Missing Comma: Getting Paid?

The American Journalism Review reported last week that journalists’ wages were falling behind the national average, according to the Bureau of Labor Statistics.

While reporters’ wages increased from $40,000 to around $44,000 in the period between 2003 and 2013, the rest of the country rose from $36,000 to over $46,000 in the same time span.

Additionally, in the decade between 2003 and 2013, multitudes of newspapers, television stations and radio stations fired or laid off dozens of their employees at a time. Local newspaper publisher OPUBCO fired hundreds of employees over multiple layoffs before being acquired by energy industry billionaire Phillip Anschutz. Those that remained took pay cuts.

Newspaper ad revenue is down 60 percent over the past decade,” according to the AJR article by Jim Bach. “This has given employers at many news outlets extraordinary leverage over their workers.

It doesn’t help that the job market for journalists shrinks every year, while the job pool steadily grows. Journalism schools continue to churn out graduates, who go straight for coveted reporting jobs – naturally – and they do so for less and less pay every year. So, what does this mean for journalism?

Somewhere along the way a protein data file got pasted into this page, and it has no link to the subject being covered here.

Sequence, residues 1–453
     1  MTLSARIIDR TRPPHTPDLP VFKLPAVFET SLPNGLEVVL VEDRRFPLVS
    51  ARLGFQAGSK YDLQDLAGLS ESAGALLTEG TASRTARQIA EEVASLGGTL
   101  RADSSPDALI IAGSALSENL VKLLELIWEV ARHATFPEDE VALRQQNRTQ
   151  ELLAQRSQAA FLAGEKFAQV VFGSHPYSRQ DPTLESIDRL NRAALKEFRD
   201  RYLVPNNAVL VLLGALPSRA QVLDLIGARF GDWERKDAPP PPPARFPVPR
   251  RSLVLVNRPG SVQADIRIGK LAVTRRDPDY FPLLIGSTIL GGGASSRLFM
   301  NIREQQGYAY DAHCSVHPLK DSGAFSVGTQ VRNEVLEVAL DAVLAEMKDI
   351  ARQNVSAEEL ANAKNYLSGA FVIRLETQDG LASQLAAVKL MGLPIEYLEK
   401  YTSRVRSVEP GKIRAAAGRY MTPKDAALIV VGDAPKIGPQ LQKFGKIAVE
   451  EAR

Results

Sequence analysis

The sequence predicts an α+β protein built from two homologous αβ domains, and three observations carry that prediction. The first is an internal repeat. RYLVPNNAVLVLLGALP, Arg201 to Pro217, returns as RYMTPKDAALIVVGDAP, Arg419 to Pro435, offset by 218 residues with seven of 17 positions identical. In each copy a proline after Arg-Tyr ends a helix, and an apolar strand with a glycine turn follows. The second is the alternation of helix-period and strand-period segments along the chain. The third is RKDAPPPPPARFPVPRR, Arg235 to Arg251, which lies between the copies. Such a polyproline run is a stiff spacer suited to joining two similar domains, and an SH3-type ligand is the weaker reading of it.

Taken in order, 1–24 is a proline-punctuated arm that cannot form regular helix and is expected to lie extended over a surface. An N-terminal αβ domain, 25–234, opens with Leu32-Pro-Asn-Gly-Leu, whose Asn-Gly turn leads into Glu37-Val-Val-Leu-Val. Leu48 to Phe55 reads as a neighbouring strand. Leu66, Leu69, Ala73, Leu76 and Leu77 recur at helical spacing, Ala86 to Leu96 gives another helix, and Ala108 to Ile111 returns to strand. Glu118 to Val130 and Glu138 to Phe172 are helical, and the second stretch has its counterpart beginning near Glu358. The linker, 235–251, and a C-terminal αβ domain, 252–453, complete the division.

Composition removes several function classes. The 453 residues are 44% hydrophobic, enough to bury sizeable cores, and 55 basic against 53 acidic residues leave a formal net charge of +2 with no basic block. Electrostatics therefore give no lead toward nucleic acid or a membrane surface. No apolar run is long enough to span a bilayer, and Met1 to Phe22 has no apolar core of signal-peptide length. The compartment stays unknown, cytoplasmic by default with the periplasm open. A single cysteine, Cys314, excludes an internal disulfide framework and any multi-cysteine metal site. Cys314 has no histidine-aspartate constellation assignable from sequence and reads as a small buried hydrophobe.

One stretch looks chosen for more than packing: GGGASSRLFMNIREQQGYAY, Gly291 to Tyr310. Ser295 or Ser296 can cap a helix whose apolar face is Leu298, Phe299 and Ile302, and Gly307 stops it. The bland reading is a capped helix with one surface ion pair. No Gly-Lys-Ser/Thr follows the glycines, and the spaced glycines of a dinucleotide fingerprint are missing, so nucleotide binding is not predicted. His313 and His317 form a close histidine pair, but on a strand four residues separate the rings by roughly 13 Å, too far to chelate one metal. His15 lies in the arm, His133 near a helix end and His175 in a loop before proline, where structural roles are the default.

Well, nothing really. It’s simply reflective of the current ecosystem the news industry finds itself in. Journalism is contracting as it tries to navigate new forms of media. Independent journalists are still a long way away from being able to supplant the old regime. So in the meantime, this is just the reality reporters are currently facing.


Sorry for the short post this week, folks. I’m finishing up moving across town, and my mind has been elsewhere. But good news! C4SS Media, the new podcast network featuring audio recordings of op-eds and other stuff, is now on both iTunes and Stitcher Radio! Just search “C4SS Media” in each site’s respective search functions.

Also, I don’t know if I ever formally announced that Missing Comma has its own Facebook page and Twitter account. You can follow us on Twitter: @missingcomma and on Facebook at this link. Give us a like! I promise you’ll only be mildly disappointed.

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